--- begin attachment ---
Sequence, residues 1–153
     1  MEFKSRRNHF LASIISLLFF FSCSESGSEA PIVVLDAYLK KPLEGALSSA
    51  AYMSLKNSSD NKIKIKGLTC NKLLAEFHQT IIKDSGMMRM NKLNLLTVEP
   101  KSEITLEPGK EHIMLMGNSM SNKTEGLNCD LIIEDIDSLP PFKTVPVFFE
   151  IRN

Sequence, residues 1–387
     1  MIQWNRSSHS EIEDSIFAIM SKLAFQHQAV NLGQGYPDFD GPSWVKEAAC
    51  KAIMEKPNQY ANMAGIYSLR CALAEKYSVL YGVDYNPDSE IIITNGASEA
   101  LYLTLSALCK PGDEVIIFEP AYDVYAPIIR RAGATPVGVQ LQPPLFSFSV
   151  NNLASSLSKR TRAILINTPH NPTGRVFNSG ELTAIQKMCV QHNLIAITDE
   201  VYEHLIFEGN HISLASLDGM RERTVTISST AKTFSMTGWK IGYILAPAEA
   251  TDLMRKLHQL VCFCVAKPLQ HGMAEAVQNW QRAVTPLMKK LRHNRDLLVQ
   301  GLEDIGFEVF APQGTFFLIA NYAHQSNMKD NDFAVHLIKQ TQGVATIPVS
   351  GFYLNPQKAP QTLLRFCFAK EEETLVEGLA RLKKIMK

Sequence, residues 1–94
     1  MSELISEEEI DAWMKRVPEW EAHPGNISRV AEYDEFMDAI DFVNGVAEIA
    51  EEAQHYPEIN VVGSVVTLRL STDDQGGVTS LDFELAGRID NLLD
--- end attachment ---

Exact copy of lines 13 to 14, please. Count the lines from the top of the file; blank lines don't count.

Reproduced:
   301  GLEDIGFEVF APQGTFFLIA NYAHQSNMKD NDFAVHLIKQ TQGVATIPVS
   351  GFYLNPQKAP QTLLRFCFAK EEETLVEGLA RLKKIMK